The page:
Things We Lost in the Fire

Movie Information

The Story: A young widow invites her late husband's heroin-addict friend to live with her and her two children. The Lowdown: Ponderous melodrama and an annoying visual style swamp several good performances in this soapy tale of redemption.
Genre: Drama
Director: Susanne Bier
Starring: Halle Berry, Benicio Del Toro, David Duchovny, Alexis Llewellyn, Micah Berry
Rated: R

The most remarkable thing about Things We Lost in the Fire—apart from Benicio Del Toro’s performance—is the fact that Susanne Bier came all the way from Denmark to make this movie. I guess there must be no Danish equivalent to the Lifetime TV channel, because when all is said and done Bier’s first English-language film isn’t a lot more than a slightly grittier variant of the sort of thing one encounters on that channel. And apart from the feeling of something authentic whenever Del Toro is on the screen, the grit seems just a soupçon on the faux side.

I’d liked Bier’s last film, After the Wedding (2006), but I noted at the time that she had an “irritating penchant for shoving her handheld camera in her cast’s faces,” something that harks back to her association with the Dogme school of filmmaking. Proving, I suppose, that you can’t teach an old Dogme new tricks, she’s brought this weapon of distraction with her to Hollywood. Where she treated viewers to a big screen close-up of Rolf Lassgard’s nose in After the Wedding, she now offers gigantic views of the eyes (one eye at a time, mind you) of Benicio Del Toro and Halle Berry. My best guess is that this is supposed to convey emotional intensity. What it mostly did was drag me out of the story and convince me that I don’t have a future in optometry.

In addition to this, she also brought along composer Johan Söderqvist. I don’t remember Mr. Söderqvist’s score for After the Wedding, but the one he’s laid on top of Things We Lost in the Fire is of the random-guitar-notes-and-tinkly-piano school. It’s obtrusive in its very effort to be unobtrusive. Plucking a guitar may not overwhelm the drama, but when it makes you want to yell, “Hey, if you get near a tune play it,” at the screen, it’s yanked you out of the drama worse than John Williams in his most bombastic ersatz Wagner mode. And really, if you’re going to make melodramatic soap you’re not going to bamboozle anybody into thinking it’s more than that by coating the damned thing in fake documentary camerawork and a minimalist score. Seriously, just bring on the Ross Hunter gloss, give it the full thundering Franz Waxman musical track, and one day you’ll be recognized as a subversive genius à la Douglas Sirk. Alas, Bier is too concerned with giving us the sow’s ear and not the silk purse.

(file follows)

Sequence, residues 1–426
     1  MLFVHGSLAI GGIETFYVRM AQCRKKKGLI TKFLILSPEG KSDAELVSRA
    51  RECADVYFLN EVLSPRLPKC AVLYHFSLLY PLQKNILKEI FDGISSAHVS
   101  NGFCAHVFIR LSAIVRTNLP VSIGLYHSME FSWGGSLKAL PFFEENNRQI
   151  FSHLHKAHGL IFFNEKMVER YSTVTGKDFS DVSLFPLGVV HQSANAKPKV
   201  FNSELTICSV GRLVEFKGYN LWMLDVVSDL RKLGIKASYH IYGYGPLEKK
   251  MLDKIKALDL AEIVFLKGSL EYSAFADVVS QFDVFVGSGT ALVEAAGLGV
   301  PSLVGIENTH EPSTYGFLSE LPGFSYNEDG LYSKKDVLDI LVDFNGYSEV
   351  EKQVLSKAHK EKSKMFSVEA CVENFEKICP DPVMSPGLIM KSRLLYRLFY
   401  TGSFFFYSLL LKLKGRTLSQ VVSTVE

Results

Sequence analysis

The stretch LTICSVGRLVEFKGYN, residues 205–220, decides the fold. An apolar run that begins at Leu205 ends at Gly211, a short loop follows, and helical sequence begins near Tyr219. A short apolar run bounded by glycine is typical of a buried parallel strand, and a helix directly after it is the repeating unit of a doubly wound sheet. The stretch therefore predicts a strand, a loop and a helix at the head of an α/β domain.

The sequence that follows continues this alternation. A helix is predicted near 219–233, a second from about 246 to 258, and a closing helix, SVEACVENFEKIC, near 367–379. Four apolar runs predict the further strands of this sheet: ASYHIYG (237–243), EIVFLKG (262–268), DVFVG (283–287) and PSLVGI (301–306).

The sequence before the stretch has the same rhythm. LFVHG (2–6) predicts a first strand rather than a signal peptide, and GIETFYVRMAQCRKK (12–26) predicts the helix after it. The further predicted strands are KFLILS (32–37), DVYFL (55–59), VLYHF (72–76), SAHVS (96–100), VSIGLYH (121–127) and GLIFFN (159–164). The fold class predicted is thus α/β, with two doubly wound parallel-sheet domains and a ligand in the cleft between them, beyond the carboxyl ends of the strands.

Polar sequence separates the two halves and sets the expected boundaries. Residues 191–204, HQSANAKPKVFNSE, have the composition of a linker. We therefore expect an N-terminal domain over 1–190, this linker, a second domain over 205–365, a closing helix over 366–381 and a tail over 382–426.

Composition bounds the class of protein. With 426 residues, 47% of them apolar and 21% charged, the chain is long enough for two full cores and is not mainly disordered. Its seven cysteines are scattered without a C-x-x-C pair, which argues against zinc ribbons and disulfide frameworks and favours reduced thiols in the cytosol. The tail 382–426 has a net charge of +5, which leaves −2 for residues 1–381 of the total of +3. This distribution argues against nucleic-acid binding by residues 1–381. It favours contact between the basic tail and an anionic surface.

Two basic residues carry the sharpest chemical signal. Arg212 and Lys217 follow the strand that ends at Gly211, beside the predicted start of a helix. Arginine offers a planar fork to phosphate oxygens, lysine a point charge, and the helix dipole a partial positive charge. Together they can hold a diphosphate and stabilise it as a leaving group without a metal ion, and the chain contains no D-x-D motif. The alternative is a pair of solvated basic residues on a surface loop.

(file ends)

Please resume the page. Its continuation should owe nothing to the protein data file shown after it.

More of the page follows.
The drama all centers on Audrey Burke (Berry), the grieving widow of Steven Burke (David Duchovny, who gets his screen time in flashbacks), who somewhat improbably invites Steven’s friend, Jerry Sunborne (Del Toro), to live in her upscale converted garage. She knows that Jerry is a lawyer who ruined his career through heroin addiction, and she doesn’t even like the man. Worse, she has reason to blame him for Steven’s death, since the shooting that took his life occurred when he tried to stop a wife-beating he encountered after visiting Jerry. But she’s determined to do what she thinks Steven would have wanted. What starts as an uneasy arrangement doesn’t lead to romance (though it flirts with it in one really wrongheaded scene), but only furthers problems since Audrey resents Jerry teaching her kids the things Steven ought to have been there to teach them. As a result, she throws him out, and as a result of that, he heads straight for the needle, whereupon she has an attack of conscience and … you get the idea.

In all fairness, the film works at least part of the time. Berry—after a string of unfortunate career moves—occasionally reminds us why she won that Oscar, and that’s no mean feat considering the way her role was written. Duchovny is also good in his limited screen time, while Alison Lohman (Flicka) justifies the promise of her earlier roles as a member of Jerry’s Narcotics Anonymous group. But in the end, the thing that gives Things We Lost in the Fire its biggest plus is Benicio Del Toro. Even when the film is falling to pieces around him, Del Toro convinces us of the reality and the intelligence of his character. He never overplays what could have been a too showy role, but neither does he underplay it. He hits just the right note in every scene. The expressiveness of his eyes and his facial movements—at least when Bier doesn’t fragment his face in wayward close-ups—make him believable and human no matter how absurd the melodrama gets, no matter how trite and tidy the storyline becomes. For his performance alone, Things We Lost in the Fire edges toward the plus column, and it is what justifies seeing the film. Rated R for drug content and language.

About Ken Hanke
Head film critic for Mountain Xpress from December 2000 until his death in June 2016. Author of books "Ken Russell's Films," "Charlie Chan at the Movies," "A Critical Guide to Horror Film Series," "Tim Burton: An Unauthorized Biography of the Filmmaker."

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